Art by Nicolas Wirrmann, Model by Amaru Zeas

Substance Designer Spring Release: Faster, Bigger, Baker!

Nicolas Wirrmann on March 9 2018 | Substance Designer, Software, Content, Film/VFX

Over the last few years, the Substance Designer audience has evolved a lot. New people have joined the user base, each with their own needs and constraints. Our response to this has been to work ceaselessly to improve Substance Designer, regularly making changes and adding features. But for some highly demanding markets like VFX, improving on what already existed was not enough. We needed to rebuild some of the core components of the software to be able to support the heavier processing features

The spring 2018 release is the result of this new direction. In short, expect better performance and enjoy a long-awaited VFX feature: a complete UDIMs workflow.

Up to 30% Faster

In order to make Substance Designer rock solid, we've rewritten huge parts of the software. Cache and memory management have been improved, which reduces computing time significantly, translating into a faster and smoother experience. The difference will be especially noticeable with large graphs, where you can expect gains of up to 30% when loading the graph or tweaking parameters.

The 2D viewport has also been reworked. You will now experience faster refresh times while tweaking parameters.

Note that these improvements won’t directly affect the timings displayed on the nodes in the graph - the performance gain comes from our revamped node computation management rather than from the node's computation times themselves. Nonetheless, you will feel and enjoy the difference.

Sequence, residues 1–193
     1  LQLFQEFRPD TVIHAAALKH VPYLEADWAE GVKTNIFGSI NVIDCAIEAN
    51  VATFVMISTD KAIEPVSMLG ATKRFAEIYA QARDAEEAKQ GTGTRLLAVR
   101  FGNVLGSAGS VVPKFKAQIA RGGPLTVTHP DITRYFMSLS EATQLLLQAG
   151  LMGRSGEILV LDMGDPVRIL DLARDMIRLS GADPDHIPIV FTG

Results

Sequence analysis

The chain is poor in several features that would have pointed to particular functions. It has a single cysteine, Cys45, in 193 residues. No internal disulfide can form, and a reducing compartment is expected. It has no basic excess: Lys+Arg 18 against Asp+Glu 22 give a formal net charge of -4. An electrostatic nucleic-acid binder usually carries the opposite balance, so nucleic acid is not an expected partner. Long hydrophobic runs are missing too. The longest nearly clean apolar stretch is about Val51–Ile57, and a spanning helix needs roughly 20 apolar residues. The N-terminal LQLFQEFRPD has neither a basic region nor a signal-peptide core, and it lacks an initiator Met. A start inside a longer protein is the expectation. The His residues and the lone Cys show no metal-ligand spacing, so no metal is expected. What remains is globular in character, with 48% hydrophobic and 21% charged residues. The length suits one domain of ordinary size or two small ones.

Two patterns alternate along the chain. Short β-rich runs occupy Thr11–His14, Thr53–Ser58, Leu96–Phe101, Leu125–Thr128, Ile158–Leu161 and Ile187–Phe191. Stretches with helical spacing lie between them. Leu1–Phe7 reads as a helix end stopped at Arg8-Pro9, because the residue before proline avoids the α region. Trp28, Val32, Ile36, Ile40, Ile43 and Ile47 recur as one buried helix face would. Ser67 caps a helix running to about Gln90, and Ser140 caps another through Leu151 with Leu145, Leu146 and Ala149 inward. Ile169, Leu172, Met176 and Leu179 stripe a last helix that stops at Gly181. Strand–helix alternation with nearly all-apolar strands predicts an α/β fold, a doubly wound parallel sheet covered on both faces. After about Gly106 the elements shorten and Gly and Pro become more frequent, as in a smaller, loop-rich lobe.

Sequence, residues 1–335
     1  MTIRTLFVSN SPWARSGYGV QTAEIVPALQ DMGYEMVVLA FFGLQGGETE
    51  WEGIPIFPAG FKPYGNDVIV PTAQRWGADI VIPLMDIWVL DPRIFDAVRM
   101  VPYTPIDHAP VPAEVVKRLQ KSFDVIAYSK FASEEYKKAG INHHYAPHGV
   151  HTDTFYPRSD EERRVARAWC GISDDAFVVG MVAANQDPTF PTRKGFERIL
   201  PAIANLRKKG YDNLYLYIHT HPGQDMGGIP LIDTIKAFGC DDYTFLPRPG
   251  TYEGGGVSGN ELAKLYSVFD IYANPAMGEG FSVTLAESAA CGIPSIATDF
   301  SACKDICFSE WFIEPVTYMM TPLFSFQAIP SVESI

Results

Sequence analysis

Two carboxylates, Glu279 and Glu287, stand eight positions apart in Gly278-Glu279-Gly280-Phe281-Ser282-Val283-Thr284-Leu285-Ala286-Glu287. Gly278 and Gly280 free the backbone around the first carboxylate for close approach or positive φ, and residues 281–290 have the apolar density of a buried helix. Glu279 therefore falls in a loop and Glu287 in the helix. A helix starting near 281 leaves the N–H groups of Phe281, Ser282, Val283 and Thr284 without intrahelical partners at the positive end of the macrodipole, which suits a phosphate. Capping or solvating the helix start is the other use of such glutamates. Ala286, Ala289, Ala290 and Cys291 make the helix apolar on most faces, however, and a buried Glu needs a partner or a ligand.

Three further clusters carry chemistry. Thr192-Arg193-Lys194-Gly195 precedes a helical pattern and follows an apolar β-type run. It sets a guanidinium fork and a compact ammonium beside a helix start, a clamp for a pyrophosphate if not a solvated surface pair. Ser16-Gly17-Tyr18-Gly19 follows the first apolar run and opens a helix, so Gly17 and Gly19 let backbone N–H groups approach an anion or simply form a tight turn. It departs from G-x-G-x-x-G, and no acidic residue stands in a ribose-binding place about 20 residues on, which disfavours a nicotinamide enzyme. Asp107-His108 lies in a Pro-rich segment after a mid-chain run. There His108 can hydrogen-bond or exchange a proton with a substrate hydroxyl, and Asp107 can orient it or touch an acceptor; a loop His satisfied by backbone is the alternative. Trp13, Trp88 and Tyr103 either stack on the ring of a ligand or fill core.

UDIM Support

Rethinking the Bakers

The bakers have been updated to fully support UDIMs and give the user more real-time feedback during the baking process. Performance has also been improved and high-poly meshes will load and be baked significantly faster thanks to a new geometry cache system.

Keeping an Eye on Your Bakes

Thanks to the new 2D view in the baking dialog, you can now follow the baking process in real time, and you have the ability to cancel it at any time if a setting needs to be adjusted.


Graph and Viewport Improvements

We’ve implemented some new features to make sure you get the most from your graph with UDIMs. Not only can you texture multiple UDIM tiles with a single graph, but Substance Designer takes care of using the relevant baked textures for each one. In order to provide direct feedback, the 3D viewport now displays the currently selected UDIMs.

New Export Dialog

The export process has been improved and adapted to the UDIM workflow as well. You can now export at a different resolution than your working resolution and batch export all your UV Tiles or UDIMs at once.


Functions: a New Built-in Variable for UDIMs

Adepts of the Function Graph have not been forgotten either with a new $uvtile variable which shifts the current UDIM tile position (x and y): this will let you create different effects depending on the UV tile/UDIM.


We Aren't Done Yet: New 3D Nodes!

How do you make a good release into a great release? You sprinkle it with new advanced nodes and tools! These noises and utility nodes will be a great help when it comes to texturing 3D objects seamlessly.

Here are a few previews applied on the new ‘Cube 3D GBuffers’ node:


And here are some pretty cool nodes in action: 3D Volume Mask - 3D Planar Projection - 3D Linear Gradient

See Wes McDermott's walkthrough of the new features here:

We want to warmly congratulate Blade Runner 2049 for their Oscar for best special effects!

Tomorrow on the Allegorithmic blog: Michael Borhi, Didier Muanza, and Arnaud Saibron from VFX studio Framestore tell you exactly how they used the Substance suite to texture Los Angeles and the solar farm in this acclaimed movie.

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